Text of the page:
A call for leadership

A QUICK scan of mainstream news earlier highlighted the quick actions and commitments made by the private sector: extending deadlines on scheduled payments; re-allocating budgets so they can help provide for the public’s most urgent needs.  Accounts have also tracked government responses, which are demonstrably done in in bits and pieces. Following their  assigned news beats, reporters filed descriptions of actions of  Local Government Units (LGU) to address the COVID-19 crisis and the plans of departments to mitigate the impact of the lockdown on vulnerable sectors of the population, the poor and homeless, issues of food supply and even economic recovery post-crisis. NEDA has also been active, coordinating the different financial agencies to address the problems raised by the suspension of manufacturing and other business sectors.

Following the traditional passive media approach, news has supplied the pieces without providing the big picture. Some may be quick to catch the big blank drawn from numerous narratives: there is so far no comprehensive and systematic plan of action based even on the general directives announced by the president in three separate briefings.

Add the most recent policy document, the legislative grant of special powers to the president so he can more effectively direct government in what needs to be done. Setting aside its loquacious title, it is difficult to see plan and strategy. 

By now, countries have shared the strategies they found effective, including: the identification of drugs with curative promise; widespread access to easy methods of testing; quarantine of persons exposed in hot zones and those exhibiting suspicious symptoms; the isolation for treatment of those infected; and finally, the prescription of social distancing, home quarantine or lockdown for the general population.  The latter has been ordered for the island of Luzon, with LGUs in other provinces following suit. 

But so far, government authorities have not explained how the lockdown will be guaranteed, without harm or deterrence to the exempted service communities. In some areas, the unilateral declaration of no-access zones without warning has derailed the delivery of critical services and supplies. The lockdown is only as good as the quality of barangay leadership. Thankfully, there have been some pro-active leadership in these grassroots units. But it is too much to expect quality in all.

Unfortunately, in the case of the Philippines, these measures have been applied belatedly. Adding to the difficulties is the weak health system, where private hospitals provide quality medical treatment but only at great cost. The slow action has cast doubt on the chances for success of current measures. It has not helped that there are social groups, some of them include political figures, whose negligence and irresponsibility have significant consequences, inspiring copycat conduct that ignore imperatives of the lockdown, home quarantine and “social distancing.”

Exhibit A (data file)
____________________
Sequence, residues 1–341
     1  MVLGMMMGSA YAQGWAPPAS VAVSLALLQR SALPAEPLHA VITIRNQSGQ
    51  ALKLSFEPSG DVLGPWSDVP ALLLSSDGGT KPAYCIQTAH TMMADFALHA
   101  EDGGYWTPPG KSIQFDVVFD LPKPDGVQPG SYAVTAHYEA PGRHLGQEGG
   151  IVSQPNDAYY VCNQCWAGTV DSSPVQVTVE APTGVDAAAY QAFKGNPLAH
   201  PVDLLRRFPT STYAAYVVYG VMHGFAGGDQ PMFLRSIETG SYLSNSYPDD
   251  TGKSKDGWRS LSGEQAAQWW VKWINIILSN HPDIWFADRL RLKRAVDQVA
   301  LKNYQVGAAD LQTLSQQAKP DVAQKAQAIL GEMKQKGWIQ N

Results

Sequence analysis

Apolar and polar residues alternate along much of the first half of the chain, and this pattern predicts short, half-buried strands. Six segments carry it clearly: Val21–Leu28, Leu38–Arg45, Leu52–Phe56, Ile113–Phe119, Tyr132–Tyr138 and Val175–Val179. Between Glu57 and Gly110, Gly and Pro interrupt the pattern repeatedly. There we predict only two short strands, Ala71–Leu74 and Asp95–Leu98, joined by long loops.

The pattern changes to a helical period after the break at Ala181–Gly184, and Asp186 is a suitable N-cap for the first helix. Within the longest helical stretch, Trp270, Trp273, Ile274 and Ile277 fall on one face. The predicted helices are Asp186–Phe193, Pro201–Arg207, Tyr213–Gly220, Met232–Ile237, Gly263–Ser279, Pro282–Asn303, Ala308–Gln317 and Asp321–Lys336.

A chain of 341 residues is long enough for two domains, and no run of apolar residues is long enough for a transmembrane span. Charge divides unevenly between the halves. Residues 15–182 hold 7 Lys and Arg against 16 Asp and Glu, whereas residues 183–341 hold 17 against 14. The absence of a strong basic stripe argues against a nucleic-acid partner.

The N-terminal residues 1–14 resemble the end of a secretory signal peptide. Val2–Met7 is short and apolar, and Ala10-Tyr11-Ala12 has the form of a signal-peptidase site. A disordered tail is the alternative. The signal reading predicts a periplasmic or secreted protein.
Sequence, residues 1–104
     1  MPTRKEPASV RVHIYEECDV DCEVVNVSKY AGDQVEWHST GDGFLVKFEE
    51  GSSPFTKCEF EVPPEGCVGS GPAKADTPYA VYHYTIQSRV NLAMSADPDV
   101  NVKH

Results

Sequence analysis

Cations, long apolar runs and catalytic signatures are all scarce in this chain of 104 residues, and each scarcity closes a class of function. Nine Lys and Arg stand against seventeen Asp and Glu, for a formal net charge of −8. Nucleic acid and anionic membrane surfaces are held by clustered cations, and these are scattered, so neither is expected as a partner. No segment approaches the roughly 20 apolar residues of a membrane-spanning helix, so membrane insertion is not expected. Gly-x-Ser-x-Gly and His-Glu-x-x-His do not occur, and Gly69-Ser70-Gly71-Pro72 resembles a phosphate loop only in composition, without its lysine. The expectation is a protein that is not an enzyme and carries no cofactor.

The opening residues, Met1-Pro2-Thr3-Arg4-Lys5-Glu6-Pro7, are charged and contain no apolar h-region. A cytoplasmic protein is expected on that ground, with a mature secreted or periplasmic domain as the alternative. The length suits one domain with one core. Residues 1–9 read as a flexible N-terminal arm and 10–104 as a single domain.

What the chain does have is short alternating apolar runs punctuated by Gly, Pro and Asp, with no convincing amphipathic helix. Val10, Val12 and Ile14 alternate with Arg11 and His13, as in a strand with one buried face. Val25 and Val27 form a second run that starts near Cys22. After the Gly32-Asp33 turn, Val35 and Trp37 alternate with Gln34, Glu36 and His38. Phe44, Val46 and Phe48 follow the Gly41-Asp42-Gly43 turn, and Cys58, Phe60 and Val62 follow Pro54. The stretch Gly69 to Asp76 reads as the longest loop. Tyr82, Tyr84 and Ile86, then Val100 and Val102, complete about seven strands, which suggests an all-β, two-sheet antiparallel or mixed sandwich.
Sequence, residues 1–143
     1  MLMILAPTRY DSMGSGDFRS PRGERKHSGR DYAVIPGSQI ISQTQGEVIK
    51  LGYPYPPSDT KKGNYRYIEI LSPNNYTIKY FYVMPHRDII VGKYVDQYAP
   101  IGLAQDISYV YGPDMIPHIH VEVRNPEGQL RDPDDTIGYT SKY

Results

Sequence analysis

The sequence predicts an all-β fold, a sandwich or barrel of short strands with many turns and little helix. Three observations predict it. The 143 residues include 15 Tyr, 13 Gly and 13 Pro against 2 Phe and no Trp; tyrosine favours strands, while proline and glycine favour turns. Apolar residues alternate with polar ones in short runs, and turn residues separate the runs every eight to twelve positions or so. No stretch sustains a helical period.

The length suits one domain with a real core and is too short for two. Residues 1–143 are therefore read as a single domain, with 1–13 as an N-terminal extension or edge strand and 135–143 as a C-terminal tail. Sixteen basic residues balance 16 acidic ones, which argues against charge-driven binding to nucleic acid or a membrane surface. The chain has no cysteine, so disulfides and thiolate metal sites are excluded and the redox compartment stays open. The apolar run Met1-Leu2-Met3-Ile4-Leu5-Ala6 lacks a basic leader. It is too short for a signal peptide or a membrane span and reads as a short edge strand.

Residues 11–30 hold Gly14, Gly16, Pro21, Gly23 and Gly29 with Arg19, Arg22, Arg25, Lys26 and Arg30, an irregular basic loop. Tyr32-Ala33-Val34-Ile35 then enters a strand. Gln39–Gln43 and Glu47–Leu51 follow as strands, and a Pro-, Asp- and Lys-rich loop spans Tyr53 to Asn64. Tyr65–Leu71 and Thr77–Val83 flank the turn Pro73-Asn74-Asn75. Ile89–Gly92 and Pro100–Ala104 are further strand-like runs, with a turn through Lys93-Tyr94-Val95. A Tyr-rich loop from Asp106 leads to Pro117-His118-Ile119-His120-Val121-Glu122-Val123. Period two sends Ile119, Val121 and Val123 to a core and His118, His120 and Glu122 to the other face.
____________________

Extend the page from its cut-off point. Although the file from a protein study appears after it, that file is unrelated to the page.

The coverage of COVID measures may be blamed on the media whose journalistic recourse to story-telling explains the episodic treatment of news accounts on Covid-19 initiatives. Tighter editorial handling could have presented the different accounts in a more comprehensive and coherent manner, perhaps, even the more direct communication through graphs and matrixes. But this may be asking too much in a period of crisis.

With exceptions, media generally failed to note that government has not provided a centralized and coordinated plan to guide the different departments and agencies. The Philippine Daily Inquirer’s editorial raised the point on Thursday, March 26, stating the lack of a “clear, coherent, far-reaching game plan from hereon”

Anyone who patiently listened to the three different presidential press briefing would have detected the administration’s haphazard approach, first, authorizing local government units to act on their initiatives in implementing the lockdown of Metro Manila and the National Capital Region; only to take away this authority when mayors did exactly as directed. The piece meal approach has to this day caused all kinds of problems on the road, with police and security teams variously interpreting the exemptions; holding back doctors and physicians who were responding to their patient calls as caught by a news report on CNN PH.

The latest legislation which gives new emergency powers to President Duterte so he can assist and aid the poor does not spell out how such a massive operation will be accomplished. Again, the lack of a strategic plan and the absence of a system raise concerns about how these re-aligned funds would be put to good use in a timely manner.

The crisis goes beyond the realm of medicine. The lockdown and home quarantine involve profound disruption, with so many businesses losing the means to re-establish themselves. The tourism industry has to review the premises of the business.  Surely, a new perspective must examine the sustainability of universal travel and the perils underlying global tourism.

More relevant to the nature of this crisis, a nation as populous as the Philippines cannot ignore the paramount place and priority that public health must hold in national development. Medical education, the management of hospitals and the mapping of their locations, the holding and access to supplies and equipment cannot be left to politicians and bureaucrats.  An expert community needs to provide us with a plan to build a system that can address ordinary as well as extraordinary demands to provide for and protect the health of the nation. At this critical juncture, the media can help articulate the need for a blueprint for after COVID-19, guided by leadership beyond what government has provided.


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